The McSorley Myth (long)

PSUSignore

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Clifford is not like McSorley. Trace is a run first dual threat. Sean Clifford is a mobile pro-style QB. Trace is more like a poor man's Adrian Martinez whereas Clifford is more like Darryl Clark.
Nothing against Clifford, I do think he's an above average QB especially this season when he was healthy, but he's no Daryl Clark.
 
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IANit

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Clifford is not like McSorley. Trace is a run first dual threat. Sean Clifford is a mobile pro-style QB. Trace is more like a poor man's Adrian Martinez whereas Clifford is more like Darryl Clark.
So somebody with a 31-9 record as a QB is a poor man's version of someone who is 14-25 as a starting QB? You are so biased against Trace and Franklin that it isn't funny.
 

Madsol

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Trace has played 3 game in his NFL career, one he took only one snap. 3-10- 90yds. He got passed over by a rookie this year, he's practice fodder basically running the scout team. Matt McGloin had a more productive NFL career three years in.

Trace had great players surrounding him at PSU. Over half a dozen NFL players on the offensive side of the ball his first two years. When a good chunk of those players moved on to the NFL Trace became a very average college QB his SR year.
You might have a point if people were trying to make Trace out to be a hall of fame caliber QB. As it is, certain posters seem to go to great lengths to minimize his contributions to Penn State. Not really sure why. And look at your last sentence...he became very average college QB his SR year. Yet, he was drafted!! Those 2 things don't go together. Who cares how many passes he's attempted or who has passed him on the depth chart. He was drafted as a QB. That ends any nonsense about him being a very average college QB. You are wrong.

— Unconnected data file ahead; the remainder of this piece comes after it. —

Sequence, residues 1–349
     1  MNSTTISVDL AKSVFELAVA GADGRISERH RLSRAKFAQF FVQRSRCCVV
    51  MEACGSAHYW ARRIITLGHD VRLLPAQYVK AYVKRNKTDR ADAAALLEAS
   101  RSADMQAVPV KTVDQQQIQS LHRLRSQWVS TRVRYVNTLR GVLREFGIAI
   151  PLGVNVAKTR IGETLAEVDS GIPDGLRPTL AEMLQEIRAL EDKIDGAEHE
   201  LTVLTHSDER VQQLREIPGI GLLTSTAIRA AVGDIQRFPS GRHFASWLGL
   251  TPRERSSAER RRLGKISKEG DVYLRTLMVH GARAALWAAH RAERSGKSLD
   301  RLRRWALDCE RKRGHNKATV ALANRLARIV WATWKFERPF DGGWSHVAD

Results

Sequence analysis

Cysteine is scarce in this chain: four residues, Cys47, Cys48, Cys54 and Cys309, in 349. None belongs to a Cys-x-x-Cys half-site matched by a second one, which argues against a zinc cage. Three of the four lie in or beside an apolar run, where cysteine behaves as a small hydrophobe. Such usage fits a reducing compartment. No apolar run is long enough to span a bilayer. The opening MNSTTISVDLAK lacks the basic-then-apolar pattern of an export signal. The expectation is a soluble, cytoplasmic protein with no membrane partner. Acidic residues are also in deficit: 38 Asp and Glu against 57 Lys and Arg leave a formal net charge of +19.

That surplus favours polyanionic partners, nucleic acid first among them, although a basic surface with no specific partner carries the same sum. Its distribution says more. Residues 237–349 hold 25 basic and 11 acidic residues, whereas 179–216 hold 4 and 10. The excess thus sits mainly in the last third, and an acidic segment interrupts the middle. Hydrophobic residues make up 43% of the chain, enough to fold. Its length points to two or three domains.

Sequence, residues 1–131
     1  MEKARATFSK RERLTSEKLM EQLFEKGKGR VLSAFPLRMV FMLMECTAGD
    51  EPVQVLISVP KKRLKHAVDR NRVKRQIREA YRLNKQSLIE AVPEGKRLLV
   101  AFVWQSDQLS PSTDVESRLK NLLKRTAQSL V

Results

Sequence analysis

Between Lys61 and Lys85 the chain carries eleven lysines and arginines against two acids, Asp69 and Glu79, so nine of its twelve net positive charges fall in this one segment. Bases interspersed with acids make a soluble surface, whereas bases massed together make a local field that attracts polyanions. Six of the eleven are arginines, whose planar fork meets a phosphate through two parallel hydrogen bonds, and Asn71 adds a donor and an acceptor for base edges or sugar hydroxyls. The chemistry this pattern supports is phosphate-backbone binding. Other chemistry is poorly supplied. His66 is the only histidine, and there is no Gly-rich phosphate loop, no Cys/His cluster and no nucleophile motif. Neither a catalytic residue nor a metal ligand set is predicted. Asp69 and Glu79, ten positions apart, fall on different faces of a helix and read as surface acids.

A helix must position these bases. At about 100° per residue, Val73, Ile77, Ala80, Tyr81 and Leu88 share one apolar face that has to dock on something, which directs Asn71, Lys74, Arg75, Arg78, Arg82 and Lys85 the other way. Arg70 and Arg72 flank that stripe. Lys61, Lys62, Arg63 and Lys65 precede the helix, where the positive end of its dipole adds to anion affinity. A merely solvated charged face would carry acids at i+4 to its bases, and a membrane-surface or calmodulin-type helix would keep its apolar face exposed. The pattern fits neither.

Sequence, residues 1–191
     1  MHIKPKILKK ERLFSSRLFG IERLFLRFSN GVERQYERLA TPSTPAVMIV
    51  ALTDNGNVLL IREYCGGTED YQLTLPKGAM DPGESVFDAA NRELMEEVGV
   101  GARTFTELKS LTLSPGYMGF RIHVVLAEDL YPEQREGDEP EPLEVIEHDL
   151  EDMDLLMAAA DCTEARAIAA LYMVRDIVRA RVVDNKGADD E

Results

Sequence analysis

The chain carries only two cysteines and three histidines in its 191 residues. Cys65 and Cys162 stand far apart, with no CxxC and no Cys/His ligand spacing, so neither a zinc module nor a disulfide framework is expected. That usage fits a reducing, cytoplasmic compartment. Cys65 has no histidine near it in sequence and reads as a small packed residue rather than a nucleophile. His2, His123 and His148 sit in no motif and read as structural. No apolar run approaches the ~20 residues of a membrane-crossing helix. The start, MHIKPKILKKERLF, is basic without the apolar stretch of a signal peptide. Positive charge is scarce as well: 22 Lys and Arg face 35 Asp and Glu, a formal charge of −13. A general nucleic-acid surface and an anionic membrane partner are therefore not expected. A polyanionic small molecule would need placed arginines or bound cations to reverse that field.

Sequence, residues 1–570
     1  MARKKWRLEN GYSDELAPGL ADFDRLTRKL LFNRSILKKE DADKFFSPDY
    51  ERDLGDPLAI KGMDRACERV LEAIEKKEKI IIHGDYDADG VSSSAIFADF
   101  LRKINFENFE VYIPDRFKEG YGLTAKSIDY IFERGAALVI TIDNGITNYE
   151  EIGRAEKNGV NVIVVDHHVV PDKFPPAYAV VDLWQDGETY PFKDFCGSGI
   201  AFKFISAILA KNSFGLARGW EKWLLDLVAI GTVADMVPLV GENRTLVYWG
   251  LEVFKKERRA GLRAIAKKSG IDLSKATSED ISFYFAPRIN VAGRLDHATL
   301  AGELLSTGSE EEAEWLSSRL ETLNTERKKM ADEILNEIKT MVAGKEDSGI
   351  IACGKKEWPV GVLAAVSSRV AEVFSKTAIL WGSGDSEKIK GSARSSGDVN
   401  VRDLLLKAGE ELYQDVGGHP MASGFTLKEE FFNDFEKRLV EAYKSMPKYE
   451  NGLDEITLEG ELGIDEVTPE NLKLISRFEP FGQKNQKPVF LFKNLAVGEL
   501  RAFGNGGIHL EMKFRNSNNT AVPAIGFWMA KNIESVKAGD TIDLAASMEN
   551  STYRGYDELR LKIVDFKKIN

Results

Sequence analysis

LionDeNittany

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You might have a point if people were trying to make Trace out to be a hall of fame caliber QB. As it is, certain posters seem to go to great lengths to minimize his contributions to Penn State. Not really sure why. And look at your last sentence...he became very average college QB his SR year. Yet, he was drafted!! Those 2 things don't go together. Who cares how many passes he's attempted or who has passed him on the depth chart. He was drafted as a QB. That ends any nonsense about him being a very average college QB. You are wrong.

Hackenberg was drafted. He was below average in College.
 

fastlax16

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Trace has played 3 game in his NFL career, one he took only one snap. 3-10- 90yds. He got passed over by a rookie this year, he's practice fodder basically running the scout team. Matt McGloin had a more productive NFL career three years in.

Trace had great players surrounding him at PSU. Over half a dozen NFL players on the offensive side of the ball his first two years. When a good chunk of those players moved on to the NFL Trace became a very average college QB his SR year.

No saying he's a great nfl qb but its a little disingenuous to say he was passed over by a rookie. He was taking second team snaps prior to the getting injured and missing the remainder of the preseason. The ravens were always going to carry only two qbs going into the season.